This may be because she is learning the hard truths of divorce in nearly real time.
Hard truth: You never really know your partner until you divorce them
Zsa Zsa Gabor said it and it’s true. When you’re getting divorced, you might be tempted to make assumptions based on your partner’s past behavior. For many of us, this comes back to bite us in our newly indebted rear. Jeanna found out just exactly what her husband was capable of when she told Kyle she was queer and started divorce proceedings. In one example, he tells her to go to her doctor because her “disobedience had reached a point that, to him, indicated I was sick.” He told her to stop taking her migraine pills which, she writes, can cause a number of side effects but “to the best of my knowledge, a sudden onset of queerness and desire for divorce is not one of them.” He easily turned family and friends against her. Which brings us to …
Hard truth: You may find your family and friends aren’t there anymore
Getting through divorce is about 90 times harder when you don’t have a support system. Since Jeanna’s family and friends were nearly all evangelicals, she found herself without their support. For some, being queer was a bridge too far. For others, it was divorce in the first place. Ask anyone who has been divorced and they’ll tell you how important their loved ones were. Without that, it’s an even tougher road. Jeanna is lost and struggles to find her people.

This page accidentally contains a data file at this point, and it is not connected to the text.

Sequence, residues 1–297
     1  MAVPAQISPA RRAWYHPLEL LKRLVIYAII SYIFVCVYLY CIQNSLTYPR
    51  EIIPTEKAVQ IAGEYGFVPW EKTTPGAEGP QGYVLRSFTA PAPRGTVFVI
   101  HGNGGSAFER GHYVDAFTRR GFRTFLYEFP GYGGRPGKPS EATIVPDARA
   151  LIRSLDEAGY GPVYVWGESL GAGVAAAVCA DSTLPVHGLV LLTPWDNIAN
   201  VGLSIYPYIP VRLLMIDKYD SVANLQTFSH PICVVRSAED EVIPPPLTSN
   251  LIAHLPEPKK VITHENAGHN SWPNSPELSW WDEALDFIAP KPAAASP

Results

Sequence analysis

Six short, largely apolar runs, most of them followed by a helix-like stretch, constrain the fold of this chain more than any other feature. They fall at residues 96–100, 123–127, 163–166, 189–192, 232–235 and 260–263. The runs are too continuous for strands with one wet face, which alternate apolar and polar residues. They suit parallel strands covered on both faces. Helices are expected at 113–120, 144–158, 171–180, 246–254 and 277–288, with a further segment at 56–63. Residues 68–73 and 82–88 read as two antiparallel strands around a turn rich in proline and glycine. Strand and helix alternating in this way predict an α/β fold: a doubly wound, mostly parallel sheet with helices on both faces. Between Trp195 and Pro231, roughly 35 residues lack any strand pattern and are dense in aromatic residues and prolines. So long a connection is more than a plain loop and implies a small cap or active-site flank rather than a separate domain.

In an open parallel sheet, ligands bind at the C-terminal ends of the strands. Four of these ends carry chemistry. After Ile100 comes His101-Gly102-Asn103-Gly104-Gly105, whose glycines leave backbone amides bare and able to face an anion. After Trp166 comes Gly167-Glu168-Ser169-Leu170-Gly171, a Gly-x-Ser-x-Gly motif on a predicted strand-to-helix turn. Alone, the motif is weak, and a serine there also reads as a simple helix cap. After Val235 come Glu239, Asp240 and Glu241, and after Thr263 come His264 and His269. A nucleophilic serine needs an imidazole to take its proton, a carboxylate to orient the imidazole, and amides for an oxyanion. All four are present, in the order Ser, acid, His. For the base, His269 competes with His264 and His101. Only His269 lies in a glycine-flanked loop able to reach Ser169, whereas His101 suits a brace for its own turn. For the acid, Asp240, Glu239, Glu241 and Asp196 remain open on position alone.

Hard truth: Your faith may no longer fit
Jeanna writes candidly about her religious upbringing and is clear-eyed when it comes to what’s wrong with American evangelicalism. But her relationship with Jesus was real, and that breakup seems to be the hardest one of all. A lot of Heretic is Jeanna’s coming to terms with Jesus no longer filling her spiritual longing.
Hard (but good!) truth: You will find yourself again
Divorce can throw the best of us into an identity crisis. Everything you’ve thought you’ve known has been pulled out from under you. It takes some of us longer than others, but you do come back to yourself and you are better for it.
Eventually, Jeanna finds tarot on her way to finding herself again. She describes pulling a card called The Hierophant, depicted in one particular deck as a woman of color “a wisdom keeper, a teacher, a purveyor of ritual and traditions…a woman making her own way, trusting her own wisdom, and guiding other women along the path.” Jeanna continutes, “The Hierophant comes to feel emblematic of my own journey of healing from religion,” she writes. “With the knowledge that my own intuition could be a trusted guide.”
A familiar yet unique divorce story
Jeanna’s journey has the same themes as any other divorce chronicle–the self-doubt, the antagonizing forces, the confusion, and the growth–but hers is a familiar tale told in a completely different way. Heretic is a unique memoir/journal/research paper that is in many ways completely relatable. You don’t have to have been brought up in an evangelical Christian church or discover you’d been living a lie about your identity for decades to find in Jeanna’s journey something resonant, vulnerable, and inspiring.